By the time Priska Neely started her job as managing editor at the Gulf States Newsroom, she had completed several leadership programs. They grew her confidence in walking into a fledgling newsroom with a mission to build it out. But she relocated to a new city during the pandemic, and shortly after she started her job, her manager left. Suddenly the support system she expected to have as she took on this new challenge was gone, and she had to figure out new ways to build it for herself.
“I’ve had to ask for help,” Neely said. “There were a couple of meetings when we had hit big milestones in the collaboration and there was just radio silence from the executive team, and that was disappointing to me. And I’m like, ‘Hey, as a reminder, I moved across the country during a pandemic. I’m working out of my apartment alone. If you all are thinking thoughts, I need you to tell me, I don’t know what you’re thinking. I don’t get any feedback.’”
Neely encourages reporters in her newsroom to model that same kind of feedback for each other. She’s building the support that she needs into the culture she has control over.
“I wasn’t given the tools (to succeed) but I sought them out so that I could succeed and I’m doing my best to use the power and influence I’m earning to create new systems and expectations,” she said.
And as time has gone on — and as she’s leaned on friends, mentors and coaches — the job has gotten a bit easier. “I usually say that my evolution went from thinking that this job is really hard and therefore I’m bad at it. And then it took me like four months or so to be like, ‘Oh, this job is just really hard.’ And then after, maybe six or seven months, I was like, ‘Hmm. This job is hard, but I think I’m kind of good at it.’ Now, I’m like, ‘I literally have no idea how this would have happened without me.’”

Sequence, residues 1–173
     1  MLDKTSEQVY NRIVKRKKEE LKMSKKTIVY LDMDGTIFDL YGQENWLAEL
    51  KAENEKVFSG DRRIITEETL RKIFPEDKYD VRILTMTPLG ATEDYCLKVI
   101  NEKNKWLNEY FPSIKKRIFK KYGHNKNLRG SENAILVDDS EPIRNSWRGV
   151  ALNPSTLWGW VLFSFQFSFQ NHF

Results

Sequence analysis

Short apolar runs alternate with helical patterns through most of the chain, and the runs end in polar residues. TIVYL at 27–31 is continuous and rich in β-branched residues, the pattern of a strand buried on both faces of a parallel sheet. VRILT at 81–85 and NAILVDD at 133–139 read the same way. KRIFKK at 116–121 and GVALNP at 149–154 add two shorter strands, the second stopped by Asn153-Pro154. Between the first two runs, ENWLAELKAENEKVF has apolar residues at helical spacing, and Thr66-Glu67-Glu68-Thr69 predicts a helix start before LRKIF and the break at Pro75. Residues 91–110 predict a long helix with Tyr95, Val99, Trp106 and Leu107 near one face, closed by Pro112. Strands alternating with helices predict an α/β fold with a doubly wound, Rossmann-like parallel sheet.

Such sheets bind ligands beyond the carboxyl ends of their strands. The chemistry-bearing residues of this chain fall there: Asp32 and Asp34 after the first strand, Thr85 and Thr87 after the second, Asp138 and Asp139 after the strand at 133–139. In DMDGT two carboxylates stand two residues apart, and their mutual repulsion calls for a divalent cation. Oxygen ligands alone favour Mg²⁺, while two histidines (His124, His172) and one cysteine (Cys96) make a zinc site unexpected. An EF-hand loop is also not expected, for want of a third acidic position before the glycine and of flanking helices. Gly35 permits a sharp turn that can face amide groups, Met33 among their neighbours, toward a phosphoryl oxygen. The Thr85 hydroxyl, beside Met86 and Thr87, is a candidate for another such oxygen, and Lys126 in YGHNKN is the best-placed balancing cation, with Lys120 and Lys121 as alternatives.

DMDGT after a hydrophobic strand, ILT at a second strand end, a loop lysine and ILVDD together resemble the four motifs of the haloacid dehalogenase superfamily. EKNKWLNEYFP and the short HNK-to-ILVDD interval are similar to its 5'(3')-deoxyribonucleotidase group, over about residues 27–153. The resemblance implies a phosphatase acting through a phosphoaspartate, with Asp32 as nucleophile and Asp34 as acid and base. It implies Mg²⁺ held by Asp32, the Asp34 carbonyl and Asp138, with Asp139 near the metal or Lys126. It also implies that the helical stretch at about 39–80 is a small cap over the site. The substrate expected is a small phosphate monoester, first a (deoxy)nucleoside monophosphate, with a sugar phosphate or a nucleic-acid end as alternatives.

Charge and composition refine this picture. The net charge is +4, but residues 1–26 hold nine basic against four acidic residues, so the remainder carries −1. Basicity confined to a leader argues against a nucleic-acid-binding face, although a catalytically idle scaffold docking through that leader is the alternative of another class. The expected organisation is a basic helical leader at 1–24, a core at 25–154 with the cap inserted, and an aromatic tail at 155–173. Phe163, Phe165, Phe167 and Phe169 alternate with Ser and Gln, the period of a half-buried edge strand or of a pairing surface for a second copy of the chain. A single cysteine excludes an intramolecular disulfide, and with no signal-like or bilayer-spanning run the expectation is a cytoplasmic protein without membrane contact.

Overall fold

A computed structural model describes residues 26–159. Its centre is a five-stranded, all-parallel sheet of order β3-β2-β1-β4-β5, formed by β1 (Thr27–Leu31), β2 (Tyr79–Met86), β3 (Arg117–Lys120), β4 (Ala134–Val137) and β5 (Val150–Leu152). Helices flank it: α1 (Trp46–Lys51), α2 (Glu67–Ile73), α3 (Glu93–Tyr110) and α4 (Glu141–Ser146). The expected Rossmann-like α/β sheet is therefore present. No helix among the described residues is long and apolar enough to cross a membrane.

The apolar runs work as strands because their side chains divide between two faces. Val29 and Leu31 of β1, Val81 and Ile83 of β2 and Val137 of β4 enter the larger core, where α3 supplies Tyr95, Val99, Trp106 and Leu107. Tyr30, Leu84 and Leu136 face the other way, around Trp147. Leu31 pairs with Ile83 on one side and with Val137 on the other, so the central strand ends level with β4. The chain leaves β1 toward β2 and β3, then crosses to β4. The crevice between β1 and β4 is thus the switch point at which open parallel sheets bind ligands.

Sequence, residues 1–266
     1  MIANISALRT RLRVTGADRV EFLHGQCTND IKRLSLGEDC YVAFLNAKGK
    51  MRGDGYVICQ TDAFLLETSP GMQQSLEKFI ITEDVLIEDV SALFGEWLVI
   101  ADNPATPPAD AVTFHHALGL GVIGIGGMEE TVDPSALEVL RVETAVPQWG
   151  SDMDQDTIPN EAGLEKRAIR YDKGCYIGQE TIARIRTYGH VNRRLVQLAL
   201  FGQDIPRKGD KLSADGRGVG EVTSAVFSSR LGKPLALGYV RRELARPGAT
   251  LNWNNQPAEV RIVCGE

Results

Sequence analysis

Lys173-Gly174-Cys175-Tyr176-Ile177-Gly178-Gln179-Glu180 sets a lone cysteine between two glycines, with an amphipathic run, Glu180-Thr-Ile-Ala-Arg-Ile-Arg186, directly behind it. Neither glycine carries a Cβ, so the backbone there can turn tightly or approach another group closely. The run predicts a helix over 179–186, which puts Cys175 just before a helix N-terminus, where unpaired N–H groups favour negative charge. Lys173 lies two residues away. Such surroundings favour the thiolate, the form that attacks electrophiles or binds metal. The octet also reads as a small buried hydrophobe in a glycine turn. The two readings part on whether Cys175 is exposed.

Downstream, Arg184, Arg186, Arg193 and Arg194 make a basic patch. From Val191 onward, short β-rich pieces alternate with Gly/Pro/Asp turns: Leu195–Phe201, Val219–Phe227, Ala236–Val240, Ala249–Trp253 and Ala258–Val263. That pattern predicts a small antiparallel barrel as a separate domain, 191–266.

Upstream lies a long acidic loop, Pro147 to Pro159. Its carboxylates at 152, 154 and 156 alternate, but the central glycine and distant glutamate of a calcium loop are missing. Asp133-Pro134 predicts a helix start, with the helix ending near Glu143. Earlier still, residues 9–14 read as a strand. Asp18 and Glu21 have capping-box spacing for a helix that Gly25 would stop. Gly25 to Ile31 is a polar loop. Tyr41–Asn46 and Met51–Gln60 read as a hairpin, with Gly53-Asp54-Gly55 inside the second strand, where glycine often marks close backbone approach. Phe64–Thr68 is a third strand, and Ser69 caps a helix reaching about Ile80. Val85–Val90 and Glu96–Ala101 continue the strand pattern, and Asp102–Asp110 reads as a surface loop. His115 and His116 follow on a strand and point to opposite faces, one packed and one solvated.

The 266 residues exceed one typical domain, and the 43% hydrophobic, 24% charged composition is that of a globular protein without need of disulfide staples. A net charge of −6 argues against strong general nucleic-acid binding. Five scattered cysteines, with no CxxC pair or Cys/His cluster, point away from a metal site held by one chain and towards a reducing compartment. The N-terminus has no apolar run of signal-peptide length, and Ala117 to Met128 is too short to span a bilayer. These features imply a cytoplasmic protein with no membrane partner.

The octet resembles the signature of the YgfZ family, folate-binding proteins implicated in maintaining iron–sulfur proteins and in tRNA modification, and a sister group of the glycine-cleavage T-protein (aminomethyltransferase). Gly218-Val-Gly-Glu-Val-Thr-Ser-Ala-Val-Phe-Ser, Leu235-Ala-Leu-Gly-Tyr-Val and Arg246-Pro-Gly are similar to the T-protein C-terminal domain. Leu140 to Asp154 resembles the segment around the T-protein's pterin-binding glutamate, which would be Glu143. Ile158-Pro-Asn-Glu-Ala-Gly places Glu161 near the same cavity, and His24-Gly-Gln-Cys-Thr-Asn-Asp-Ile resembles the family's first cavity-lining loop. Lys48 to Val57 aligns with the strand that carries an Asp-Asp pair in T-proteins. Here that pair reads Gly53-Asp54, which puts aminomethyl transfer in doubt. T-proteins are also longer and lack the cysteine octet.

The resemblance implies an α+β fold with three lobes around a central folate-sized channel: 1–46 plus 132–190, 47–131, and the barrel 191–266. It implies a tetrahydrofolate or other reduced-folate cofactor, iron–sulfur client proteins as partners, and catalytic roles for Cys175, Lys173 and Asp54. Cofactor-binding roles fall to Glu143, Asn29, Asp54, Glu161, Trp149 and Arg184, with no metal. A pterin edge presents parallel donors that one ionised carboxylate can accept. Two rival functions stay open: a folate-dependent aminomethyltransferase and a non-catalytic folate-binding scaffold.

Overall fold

A lack of structure, oversight and support isn’t exclusive to women of color in leadership positions. But when they take on the additional labor expected of them to transform their workplaces’ cultures, it can lead to significant burnout that causes them to opt out of climbing the ladder in search of different models of leadership.
In 2015, when Nuria Net was managing editor at Fusion, a colleague told her she cared too much about her work. “I was so offended. But looking back, I’m like, yeah, I did care too much.” Net was in the first cohort of Poynter’s Leadership Academy for Women in Media. After her time in the program, she said she started to r-evaluate what she had defined as a “successful” career.
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“Around that time, my husband got a job offer in Spain. So I was like, ‘F*** it. Let’s go,’” she said. “Even though it was really scary for me, because I could have continued that path and become an editor-in-chief at a big-name publication. But I was like, you know, I need it.”
In 2019 Net co-founded La Coctelera Music, a multilingual podcast production company, where she and her co-founder Alex García Amat produce audio work for clients. Net manages the company and various contractors, but the work doesn’t require her to buy into what she called “corporate toxicity” the way her past jobs did. She likes it that way.
The task of leading a newsroom well while also trying to change the culture can feel nearly impossible, but Elite Truong, director for strategic initiatives at The Washington Post, says it’s important for managers to remember the power they do have.
“You have a lot of power. You get to figure out where this area of coverage is going, how you can shape it, what audiences you can reach — including ones that have been underserved or overlooked in different ways by the institution. So there isn’t a lot of public sympathy for them and there shouldn’t be, but it is a lot of pressure.”